I have been thinking about Shakespeare, isolation, and…consummation.
Richard II, alone in his cell, knowing he’s going to die.
“but whate’er I be,
Nor I nor any man that but man is
With nothing shall be pleased, till he be eased
With being nothing.”
Richard III, waking from a nightmare, realizing he is alone with himself, a murderer. (“I am I.”)
“Cold fearful drops stand on my trembling flesh.
What do I fear? myself? there’s none else by:
Richard loves Richard; that is, I am I.
Is there a murderer here? No. Yes, I am:
Then fly. What, from myself? Great reason why:
Lest I revenge. What, myself upon myself?
Alack. I love myself. Wherefore? for any good
That I myself have done unto myself?
O, no! alas, I rather hate myself
For hateful deeds committed by myself!”
Hermione, alone, falsely accused and tormented by the one she loved more than anyone else.
“Sir, spare your threats:
The bug which you would fright me with I seek.
To me can life be no commodity:
The crown and comfort of my life, your favor,
I do give lost; for I do feel it gone,
But know not how it went….
Tell me what blessings I have here alive,
That I should fear to die? Therefore proceed.
But yet hear this: mistake me not; no life,
I prize it not a straw…”
And then Hamlet, most dangerous of all, alone with Shakespeare’s grief. We see many things in the play––things that are clear to him, too––which might have caused Hamlet to lose his mirth. But he says he doesn’t know why he has lost it. He refuses to name it.
“I have of late––but
wherefore I know not––lost all my mirth, forgone all
custom of exercises; and indeed it goes so heavily
with my disposition that this goodly frame, the
earth, seems to me a sterile promontory, this most
excellent canopy, the air, look you, this brave
o’erhanging firmament, this majestical roof fretted
with golden fire, why, it appears no other thing to
me than a foul and pestilent congregation of vapors.”
And earlier he says:
“O, that this too too solid flesh would melt
Thaw and resolve itself into a dew!
Or that the Everlasting had not fix’d
His canon ‘gainst self-slaughter! O God! God!
How weary, stale, flat and unprofitable,
Seem to me all the uses of this world!”
But the great moment, and the most lonely, is “To be or not to be.” I have spent the last few years steeped in Plato and Aristotle. One of the great pleasures of this has been the realization as I read them that Shakespeare was reading them around the time he wrote Hamlet. (Both philosophers, for example, play with “to be” and “not to be” at length. Plato even says that for “to be” and “not to be” to be, they must be the same thing.) But I am back to my original belief that it is Aristotle’s “to be” that Shakespeare is unraveling here. I say “unraveling” because there does seem to be some playful malevolence coming from the master playwright directed toward the master philosopher.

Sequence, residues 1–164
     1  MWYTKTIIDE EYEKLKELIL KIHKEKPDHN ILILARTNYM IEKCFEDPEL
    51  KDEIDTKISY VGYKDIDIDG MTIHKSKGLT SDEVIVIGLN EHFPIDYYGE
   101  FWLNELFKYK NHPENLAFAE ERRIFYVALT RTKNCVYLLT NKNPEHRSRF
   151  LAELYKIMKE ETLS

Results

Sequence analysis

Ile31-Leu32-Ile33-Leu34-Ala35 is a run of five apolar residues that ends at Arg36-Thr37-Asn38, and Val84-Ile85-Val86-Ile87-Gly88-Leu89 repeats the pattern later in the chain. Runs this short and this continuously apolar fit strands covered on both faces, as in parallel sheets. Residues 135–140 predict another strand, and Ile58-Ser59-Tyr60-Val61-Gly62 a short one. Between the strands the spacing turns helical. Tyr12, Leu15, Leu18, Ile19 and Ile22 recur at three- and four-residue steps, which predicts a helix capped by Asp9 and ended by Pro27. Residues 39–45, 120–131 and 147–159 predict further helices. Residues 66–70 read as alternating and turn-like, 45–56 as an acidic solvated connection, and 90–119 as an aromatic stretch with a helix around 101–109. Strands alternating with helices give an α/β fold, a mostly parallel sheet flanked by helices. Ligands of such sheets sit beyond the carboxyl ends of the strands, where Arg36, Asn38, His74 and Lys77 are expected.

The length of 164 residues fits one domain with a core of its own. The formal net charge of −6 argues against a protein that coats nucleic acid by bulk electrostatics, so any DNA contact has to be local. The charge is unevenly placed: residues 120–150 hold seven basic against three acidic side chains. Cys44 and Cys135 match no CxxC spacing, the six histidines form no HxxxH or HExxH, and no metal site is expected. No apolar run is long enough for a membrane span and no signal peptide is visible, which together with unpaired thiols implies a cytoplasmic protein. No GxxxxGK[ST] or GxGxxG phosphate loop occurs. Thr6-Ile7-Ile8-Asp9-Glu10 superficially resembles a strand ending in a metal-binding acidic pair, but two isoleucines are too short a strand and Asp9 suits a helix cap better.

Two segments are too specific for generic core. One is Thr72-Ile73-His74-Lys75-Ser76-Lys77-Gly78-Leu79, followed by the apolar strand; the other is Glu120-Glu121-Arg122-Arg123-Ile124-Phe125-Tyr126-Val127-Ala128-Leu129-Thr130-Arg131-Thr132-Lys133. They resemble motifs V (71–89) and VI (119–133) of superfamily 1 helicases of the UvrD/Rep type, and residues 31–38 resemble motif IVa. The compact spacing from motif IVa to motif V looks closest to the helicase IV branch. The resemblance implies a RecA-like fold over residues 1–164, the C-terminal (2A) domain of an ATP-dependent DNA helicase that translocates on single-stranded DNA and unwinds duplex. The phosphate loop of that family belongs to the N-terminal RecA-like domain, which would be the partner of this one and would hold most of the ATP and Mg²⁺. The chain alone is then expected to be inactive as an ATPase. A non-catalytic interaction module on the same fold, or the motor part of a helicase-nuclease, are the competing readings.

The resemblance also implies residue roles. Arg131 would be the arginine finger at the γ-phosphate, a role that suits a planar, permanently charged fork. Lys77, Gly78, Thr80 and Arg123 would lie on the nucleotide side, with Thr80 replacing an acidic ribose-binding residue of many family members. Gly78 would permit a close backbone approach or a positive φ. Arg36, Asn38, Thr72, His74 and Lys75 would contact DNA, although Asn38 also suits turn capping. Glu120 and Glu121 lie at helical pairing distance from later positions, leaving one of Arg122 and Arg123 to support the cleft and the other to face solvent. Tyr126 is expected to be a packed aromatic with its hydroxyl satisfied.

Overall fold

(By the way, for me, there are no two more important and astonishing minds than Shakespeare and Aristotle. In that order. Shakespeare was the most Aristotelian of the writers. So much so that he knew better than to take “Poetics” too seriously.)
Anyway, for Aristotle the purpose of our being––of our “to be”––is to be happy. This is no light thing. It was no light thing for Shakespeare either, and it is Hamlet’s greatest problem. (Remember, it is by no means clear that the terrible events of the play are the actual or original causes of Hamlet’s grief.) So in the famous soliloquy, he lists some of the the things––the “outrageous fortune”––that get in the way of having a life worth living. He even gives us the image of lying there, grunting and sweating, as a “weary life” has its way with us.
Now, as it happens, that “outrageous fortune,” that bad luck, is Aristotle’s greatest problem. For Aristotle, it is the uncontrollable turns of fortune that are the biggest impediments to sustaining happiness.
But Aristotle was ultimately an optimist. He believed that the happiest people know how to use turns of fortune, even terrible turns. And the key thing to understand for Aristotle is that happiness is action. “To be” happy is to act. (Don’t get me started on how wonderful this is in a play that, in many ways, is about acting in the theatrical sense. “Suit the action to the word, the word to the action.”) But, yes, again, for Aristotle happiness is action.
It is no coincidence that Hamlet’s great meditation on mortality ends with the words “and lose the name of action.” The key to happiness, action, is lost through the “pale cast of thought.” And what does Shakespeare make that action? Suicide. Suicide is the action that brings happiness.
“To die. To sleep.
No more. And by a sleep to say we end
The heartache and the thousand natural shocks
That flesh is heir to––’tis a consummation
Devoutly to be wish’d.”
It’s also worth pointing out here, that Shakespeare brings Plato back in this moment by making Aristotle’s “action” the key to life and death at the same time. “To be” and “not to be” become one.
Anyway… Tomorrow is Easter. Cordelia is a symbol of resurrection, right? And what does Lear say to her? He says the saddest words ever written:
“Thou’lt come no more.
Never, never, never, never, never.”